HOPKINS, Minn. — Lilian Nyasani’s happy place is a 20’ by 20’ plot of ground in Hopkins.
“I think gardening is the best thing you can do for yourself,” the Kenya immigrant says.
In 2020, Lilian’s patch of the Hopkins Community Gardens could be called her ecstatic place.
Lilian’s kale is knee high, her cucumbers vining like crazy and her tomatoes big as softballs.
“The weather this year has been good,” Lilian says.
Same story on Trisha Steen’s adjoining plot. “Yeah, having zucchini grow out of my ears,” she says.
“Giving away a lot,” Trisha continues. “It's out of control, but it's good.”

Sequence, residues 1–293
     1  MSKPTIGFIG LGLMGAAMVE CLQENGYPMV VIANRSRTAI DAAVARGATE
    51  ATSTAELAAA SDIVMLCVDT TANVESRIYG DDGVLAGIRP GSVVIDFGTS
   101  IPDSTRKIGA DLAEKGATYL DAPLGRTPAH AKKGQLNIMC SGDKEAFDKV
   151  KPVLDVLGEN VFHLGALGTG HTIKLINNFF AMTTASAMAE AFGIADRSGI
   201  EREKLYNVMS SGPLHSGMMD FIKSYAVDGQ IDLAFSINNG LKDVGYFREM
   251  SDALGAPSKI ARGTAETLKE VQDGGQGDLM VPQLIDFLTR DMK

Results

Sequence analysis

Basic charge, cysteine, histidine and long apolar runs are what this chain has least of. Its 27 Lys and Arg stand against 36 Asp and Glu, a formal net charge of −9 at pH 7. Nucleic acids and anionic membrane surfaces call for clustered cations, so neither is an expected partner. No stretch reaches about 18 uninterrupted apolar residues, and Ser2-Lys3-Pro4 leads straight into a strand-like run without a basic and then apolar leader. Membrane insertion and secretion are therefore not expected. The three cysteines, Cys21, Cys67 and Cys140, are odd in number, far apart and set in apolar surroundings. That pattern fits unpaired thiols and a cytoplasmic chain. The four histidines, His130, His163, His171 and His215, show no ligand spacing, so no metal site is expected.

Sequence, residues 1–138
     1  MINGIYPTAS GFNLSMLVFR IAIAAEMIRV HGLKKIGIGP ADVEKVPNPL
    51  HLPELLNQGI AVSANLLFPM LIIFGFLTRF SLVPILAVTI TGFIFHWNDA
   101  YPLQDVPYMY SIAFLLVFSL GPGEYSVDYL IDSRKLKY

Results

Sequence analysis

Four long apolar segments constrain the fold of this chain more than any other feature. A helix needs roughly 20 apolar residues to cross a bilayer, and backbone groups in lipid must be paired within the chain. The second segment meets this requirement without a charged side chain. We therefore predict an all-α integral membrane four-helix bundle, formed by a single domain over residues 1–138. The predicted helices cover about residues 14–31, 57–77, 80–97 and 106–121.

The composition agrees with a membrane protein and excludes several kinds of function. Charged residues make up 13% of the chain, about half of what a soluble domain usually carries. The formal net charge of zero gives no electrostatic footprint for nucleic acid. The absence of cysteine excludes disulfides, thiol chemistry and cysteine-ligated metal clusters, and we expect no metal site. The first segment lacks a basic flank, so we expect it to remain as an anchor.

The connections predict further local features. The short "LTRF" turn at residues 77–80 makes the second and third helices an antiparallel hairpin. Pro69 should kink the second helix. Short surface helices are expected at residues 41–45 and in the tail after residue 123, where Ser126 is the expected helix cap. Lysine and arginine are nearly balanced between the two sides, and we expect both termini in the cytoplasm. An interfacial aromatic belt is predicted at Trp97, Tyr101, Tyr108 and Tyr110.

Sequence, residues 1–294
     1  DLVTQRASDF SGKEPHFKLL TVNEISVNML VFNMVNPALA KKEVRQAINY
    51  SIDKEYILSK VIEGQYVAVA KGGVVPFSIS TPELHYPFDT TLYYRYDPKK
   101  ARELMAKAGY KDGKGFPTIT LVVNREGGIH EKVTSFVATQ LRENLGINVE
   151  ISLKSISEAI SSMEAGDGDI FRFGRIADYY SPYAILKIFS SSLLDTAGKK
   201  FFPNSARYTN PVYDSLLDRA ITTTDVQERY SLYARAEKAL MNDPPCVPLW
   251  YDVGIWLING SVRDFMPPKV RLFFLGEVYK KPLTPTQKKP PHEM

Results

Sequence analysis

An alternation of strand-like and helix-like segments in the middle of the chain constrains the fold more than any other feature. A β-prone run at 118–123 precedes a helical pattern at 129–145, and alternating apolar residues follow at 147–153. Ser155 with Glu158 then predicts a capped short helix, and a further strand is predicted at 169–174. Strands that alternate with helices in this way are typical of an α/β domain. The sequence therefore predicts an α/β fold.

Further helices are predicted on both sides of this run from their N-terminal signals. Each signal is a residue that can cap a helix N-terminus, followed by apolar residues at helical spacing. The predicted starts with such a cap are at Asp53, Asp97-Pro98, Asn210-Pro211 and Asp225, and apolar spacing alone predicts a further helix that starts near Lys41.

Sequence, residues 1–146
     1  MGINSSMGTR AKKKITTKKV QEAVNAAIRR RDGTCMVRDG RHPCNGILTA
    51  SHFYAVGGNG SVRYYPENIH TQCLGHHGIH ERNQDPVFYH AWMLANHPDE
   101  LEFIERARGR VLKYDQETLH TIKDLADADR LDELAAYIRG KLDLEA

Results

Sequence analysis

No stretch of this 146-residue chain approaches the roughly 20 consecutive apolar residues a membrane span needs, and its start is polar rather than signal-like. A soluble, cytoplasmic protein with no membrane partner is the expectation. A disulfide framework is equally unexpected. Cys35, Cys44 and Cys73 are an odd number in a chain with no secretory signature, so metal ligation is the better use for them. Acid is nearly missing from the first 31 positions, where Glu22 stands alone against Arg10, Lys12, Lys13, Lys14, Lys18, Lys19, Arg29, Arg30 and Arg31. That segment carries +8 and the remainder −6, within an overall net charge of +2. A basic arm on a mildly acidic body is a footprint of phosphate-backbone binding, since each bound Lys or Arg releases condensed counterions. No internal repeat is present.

Trisha, a hairdresser, spent the spring off work due to COVID-19.
She’d thought about starting a garden before. “It was a good time to try it out,” she says.
Her timing proved better than expected.
“This has been one of the best gardening seasons ever,” Pete Moe, director of the Minnesota Landscape Arboretum, says.
Pete says early planting weather helped, and only got better.
“Then, end of May, early June, it got warm, just perfect weather for the warm season crops, things like peppers and opal basils, some of the herbs,” Pete says, “and tomatoes love warm weather.”
Soaking rains have done their part too, arriving through the early summer just when needed, with sunny days in between. “Which is just the prescription for growing great vegetables,” Pete says.
“They need a lot of love,” Lilian says, clutching her garden hose and smiling broadly.
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